How to Create Aliases and Shell Functions on Linux?

Knowing the command prompts & shell scripts is still necessary if you want to get the most out of the GNU/Linux system & the more one operates at the command line, the more one will find that the majority of the commands being used are a very small subset of the available commands. Most tasks are habitual & the user you may run these the same way every day.

Linux System

While the makers of many of the most common command utilities have attempted to eliminate extraneous typing by using shortened names e.g. instead of list we type “ls” & instead of change-directory we type “cd”. Additionally, many Linux users often need to use one command over and over again. Typing/copying the same command again & again will reduce productivity & distracts the user from actual work.

It would be great if we spend less time typing those long commands. We have Two powerful ways to minimize your time at the command line are shell aliases and functions, by the use of these two, user can Tame repetitive tasks, shorten lengthy processes, & configure customized commands with the options the user always uses & struggle to remember.

You can define your commands suited to your specific needs, and to ease the burden of repetitive tasks.

Aliases and shell scripts i.e. functions do the same sort of job. They allow you to define—and name—a set of Bash shell functionality that is then callable by the name you’ve given to it. Typing the name is easier and more convenient than having to type out all of the steps or commands each time you want to use them.

The difference between an alias and a function is one of complexity & scale. Scripts are better at holding longer and more elaborate chunks of code. Aliases are perfect for holding shorter, more succinct, sets of commands.

Shell Aliases

A shell alias is a custom shortcut to reference a command or set of commands executed with or without custom options. These aliases are alternative, easy-to-remember names for long commands that you need to execute frequently. When you type at the command line, the shell first looks for what you wrote in its list of aliases. If a match is found, that would be replaced by the alias with its corresponding text; after completing that, it would again look at the whole resulting command line & executes it.

Chances are you may already have used the aliases on the Linux system as most Linux distributions add at least some of the popular aliases by the default in “.bashrc” file of the user account.

Beyond aliases: Shell functions

Blocks of similar but not identical codes cannot be replaced by Aliases. They cannot handle errors nor return custom exit codes, do flow control, or use variables. If you need to do any of these, it’s time to use shell functions.

Shell functions are code blocks structured as complete sub-scripts, written once and invoked from any script that needs it.

Syntax of aliases:

Creating aliases in bash is very straight forward. The syntax is as follows:

alias alias_name=”command_to_run”

To create a new bash alias in the current session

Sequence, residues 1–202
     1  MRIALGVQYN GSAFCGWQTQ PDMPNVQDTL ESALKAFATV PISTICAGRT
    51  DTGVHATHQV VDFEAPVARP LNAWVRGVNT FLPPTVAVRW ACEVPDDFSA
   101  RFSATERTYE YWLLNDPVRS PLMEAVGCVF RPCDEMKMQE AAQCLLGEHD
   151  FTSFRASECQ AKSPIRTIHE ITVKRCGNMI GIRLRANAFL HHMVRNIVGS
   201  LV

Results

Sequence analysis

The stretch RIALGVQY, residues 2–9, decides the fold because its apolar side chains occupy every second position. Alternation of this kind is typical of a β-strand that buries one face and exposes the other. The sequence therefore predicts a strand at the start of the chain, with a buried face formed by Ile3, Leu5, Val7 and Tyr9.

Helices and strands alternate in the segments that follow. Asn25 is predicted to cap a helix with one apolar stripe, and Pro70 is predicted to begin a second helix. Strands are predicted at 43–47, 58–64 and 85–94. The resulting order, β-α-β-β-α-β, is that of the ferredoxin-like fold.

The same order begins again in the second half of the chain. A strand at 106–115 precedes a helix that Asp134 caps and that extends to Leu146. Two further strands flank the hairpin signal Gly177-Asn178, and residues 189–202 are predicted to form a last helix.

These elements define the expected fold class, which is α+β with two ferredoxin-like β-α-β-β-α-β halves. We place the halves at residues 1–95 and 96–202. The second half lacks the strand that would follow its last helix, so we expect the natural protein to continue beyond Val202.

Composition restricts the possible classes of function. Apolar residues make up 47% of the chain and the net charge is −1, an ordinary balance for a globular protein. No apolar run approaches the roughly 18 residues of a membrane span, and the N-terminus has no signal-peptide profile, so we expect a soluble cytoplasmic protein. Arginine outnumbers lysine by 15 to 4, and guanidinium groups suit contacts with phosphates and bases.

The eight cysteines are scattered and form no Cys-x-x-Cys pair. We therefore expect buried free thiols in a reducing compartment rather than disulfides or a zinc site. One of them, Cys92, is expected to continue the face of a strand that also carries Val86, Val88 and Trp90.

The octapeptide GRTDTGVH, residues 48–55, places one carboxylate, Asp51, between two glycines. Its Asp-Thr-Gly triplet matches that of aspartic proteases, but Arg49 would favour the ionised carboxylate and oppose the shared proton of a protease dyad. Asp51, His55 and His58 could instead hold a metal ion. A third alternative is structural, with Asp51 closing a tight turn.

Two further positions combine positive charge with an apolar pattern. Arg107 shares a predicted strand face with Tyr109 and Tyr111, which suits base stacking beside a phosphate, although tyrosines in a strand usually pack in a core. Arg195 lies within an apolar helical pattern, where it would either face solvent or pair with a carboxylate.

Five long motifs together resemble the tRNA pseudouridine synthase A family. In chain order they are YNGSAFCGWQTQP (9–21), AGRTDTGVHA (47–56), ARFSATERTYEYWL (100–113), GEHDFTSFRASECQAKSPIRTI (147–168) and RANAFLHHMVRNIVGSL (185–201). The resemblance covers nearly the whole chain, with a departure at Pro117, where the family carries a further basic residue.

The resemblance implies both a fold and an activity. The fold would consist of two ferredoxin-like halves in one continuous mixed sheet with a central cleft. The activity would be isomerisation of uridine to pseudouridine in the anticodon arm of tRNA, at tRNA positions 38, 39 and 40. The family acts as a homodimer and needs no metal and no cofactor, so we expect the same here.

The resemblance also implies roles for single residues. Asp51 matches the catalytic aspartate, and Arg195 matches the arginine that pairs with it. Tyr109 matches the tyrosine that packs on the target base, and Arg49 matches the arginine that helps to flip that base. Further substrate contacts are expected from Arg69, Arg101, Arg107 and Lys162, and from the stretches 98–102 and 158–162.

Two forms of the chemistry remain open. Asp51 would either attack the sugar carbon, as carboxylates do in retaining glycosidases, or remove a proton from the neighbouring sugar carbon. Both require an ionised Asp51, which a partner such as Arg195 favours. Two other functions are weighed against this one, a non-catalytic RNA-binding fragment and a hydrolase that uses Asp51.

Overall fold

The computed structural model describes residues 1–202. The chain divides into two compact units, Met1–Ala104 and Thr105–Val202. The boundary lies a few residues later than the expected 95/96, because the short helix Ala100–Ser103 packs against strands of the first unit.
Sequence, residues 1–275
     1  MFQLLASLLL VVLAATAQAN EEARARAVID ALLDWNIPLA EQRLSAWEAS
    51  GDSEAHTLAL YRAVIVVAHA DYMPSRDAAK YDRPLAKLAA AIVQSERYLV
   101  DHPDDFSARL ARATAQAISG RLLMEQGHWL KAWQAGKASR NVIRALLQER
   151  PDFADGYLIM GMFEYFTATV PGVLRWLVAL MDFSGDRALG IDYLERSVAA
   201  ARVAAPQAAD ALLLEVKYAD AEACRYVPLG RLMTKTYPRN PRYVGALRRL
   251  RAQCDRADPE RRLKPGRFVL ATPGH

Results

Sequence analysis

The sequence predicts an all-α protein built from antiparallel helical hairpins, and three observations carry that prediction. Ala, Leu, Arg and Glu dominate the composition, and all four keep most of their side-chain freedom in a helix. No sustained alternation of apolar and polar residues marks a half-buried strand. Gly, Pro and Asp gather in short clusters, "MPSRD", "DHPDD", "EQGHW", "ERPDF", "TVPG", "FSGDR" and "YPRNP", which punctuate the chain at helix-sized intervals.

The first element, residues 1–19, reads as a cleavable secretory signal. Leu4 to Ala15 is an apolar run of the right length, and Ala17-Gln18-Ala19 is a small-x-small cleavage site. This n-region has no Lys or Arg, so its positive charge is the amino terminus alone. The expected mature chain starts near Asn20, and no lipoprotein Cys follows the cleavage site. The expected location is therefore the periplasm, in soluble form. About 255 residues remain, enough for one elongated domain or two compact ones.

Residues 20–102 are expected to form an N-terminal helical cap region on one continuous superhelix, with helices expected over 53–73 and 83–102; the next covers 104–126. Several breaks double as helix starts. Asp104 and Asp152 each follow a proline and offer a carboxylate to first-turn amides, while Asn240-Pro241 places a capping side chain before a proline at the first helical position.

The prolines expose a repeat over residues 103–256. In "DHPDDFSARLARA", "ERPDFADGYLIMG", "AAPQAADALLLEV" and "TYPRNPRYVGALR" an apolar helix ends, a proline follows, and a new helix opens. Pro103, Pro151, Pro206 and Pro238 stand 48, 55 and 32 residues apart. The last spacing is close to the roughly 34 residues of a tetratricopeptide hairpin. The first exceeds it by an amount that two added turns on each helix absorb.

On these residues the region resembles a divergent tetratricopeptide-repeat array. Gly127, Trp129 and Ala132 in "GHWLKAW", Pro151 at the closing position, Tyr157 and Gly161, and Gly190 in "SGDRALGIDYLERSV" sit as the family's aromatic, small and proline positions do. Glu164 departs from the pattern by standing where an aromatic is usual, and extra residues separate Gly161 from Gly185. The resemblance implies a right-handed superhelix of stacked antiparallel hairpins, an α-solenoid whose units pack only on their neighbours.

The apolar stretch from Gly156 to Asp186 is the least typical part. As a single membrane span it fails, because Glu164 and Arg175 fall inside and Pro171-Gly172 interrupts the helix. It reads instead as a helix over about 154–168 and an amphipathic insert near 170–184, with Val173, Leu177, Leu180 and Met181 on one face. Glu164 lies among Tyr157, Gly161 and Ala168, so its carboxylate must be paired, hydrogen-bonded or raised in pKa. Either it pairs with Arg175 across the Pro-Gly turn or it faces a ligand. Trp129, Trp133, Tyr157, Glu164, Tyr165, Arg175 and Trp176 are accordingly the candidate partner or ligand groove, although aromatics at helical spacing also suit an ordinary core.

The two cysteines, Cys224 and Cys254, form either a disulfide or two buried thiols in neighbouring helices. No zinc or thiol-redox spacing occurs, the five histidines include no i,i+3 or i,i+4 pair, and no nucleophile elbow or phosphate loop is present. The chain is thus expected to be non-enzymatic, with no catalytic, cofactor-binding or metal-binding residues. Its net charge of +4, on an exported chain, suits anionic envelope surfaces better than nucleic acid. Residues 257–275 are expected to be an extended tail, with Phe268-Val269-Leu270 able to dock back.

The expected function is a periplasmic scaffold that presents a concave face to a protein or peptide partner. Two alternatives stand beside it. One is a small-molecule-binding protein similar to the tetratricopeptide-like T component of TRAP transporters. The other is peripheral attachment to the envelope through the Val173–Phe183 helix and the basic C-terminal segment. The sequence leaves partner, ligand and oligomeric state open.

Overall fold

1. Type the “alias
  2. Then declare the alias name
  3. Followed by an equal sign
  4. And the command that will run when the alias is called.

The command must be enclosed in quotes & with no spacing around the equal sign. Spaces here will break the command. Each alias must be declared on a new line.

Let us get it clarified by the example. On the Linux command line, one of the most used command is “ls”. Mostly “ls” command is used with the “la” switch which will list out all files & directories with hidden files in the format of the long list. Now we will create a simple bash alias “ll” which will be a shortcut to the ls -la command.

  1. Open a terminal window
  2. Type:
    alias ll="ls -la"

    & press enter

    Alias ll
  3. Now in the console type “ll” and press enter
    Run of Alias ll
  4. The output will be the same as by typing ls -la.

The above-defined alias “ll’ will only be available in the current shell session. If you close the session or a new session window initiated from another terminal the above-defined alias “ll” will not be available.

Alias command ll not found out of session

We will discuss it later on how to make the alias persistent. The examples here are for the bash shell, but all the concepts and most of the code are valid for other shells too.

Predefined Aliases

Some aliases are predefined for you. To know the list of all aliases that are defined in the system, we will use the “alias” command without any parameters:


These are the aliases on the Ubuntu test machine this article was researched on. Also, any custom-defined aliases, would show up in this list too.

There’s a bunch of different aliases for the ls command, and there’s a group of aliases that provide color output to the grep family of commands e.g. with aliases defined as above, whenever you type:


It will be interpreted as:

grep --color=auto

This shows an important point with aliases. They can have the same name as existing commands.  They can even contain the original command within themselves.

Here is the definition of the grep alias.

alias grep='grep --color=auto'
  1. The alias command is used to define an alias.
  2. The name of the alias is given next. In this example, it is “grep”.
  3. The equals sign connects the name of the alias to the body of the alias. For all but very simple aliases, the body of the alias is enclosed within single quote marks ‘.
  4. The body of the alias is the section that is executed when the alias is used on the command line.
  5. The body of this alias simply calls the grep command with the –color=auto option.

The Alert Alias

At the top of the listing, there’s a complicated-looking alias called alert. As a quick aside, and so that you know what it does, the alert alias is used to let you know when a command has finished. It also indicates whether the command completed successfully or not. It provides a graphical system alert at the top of the screen.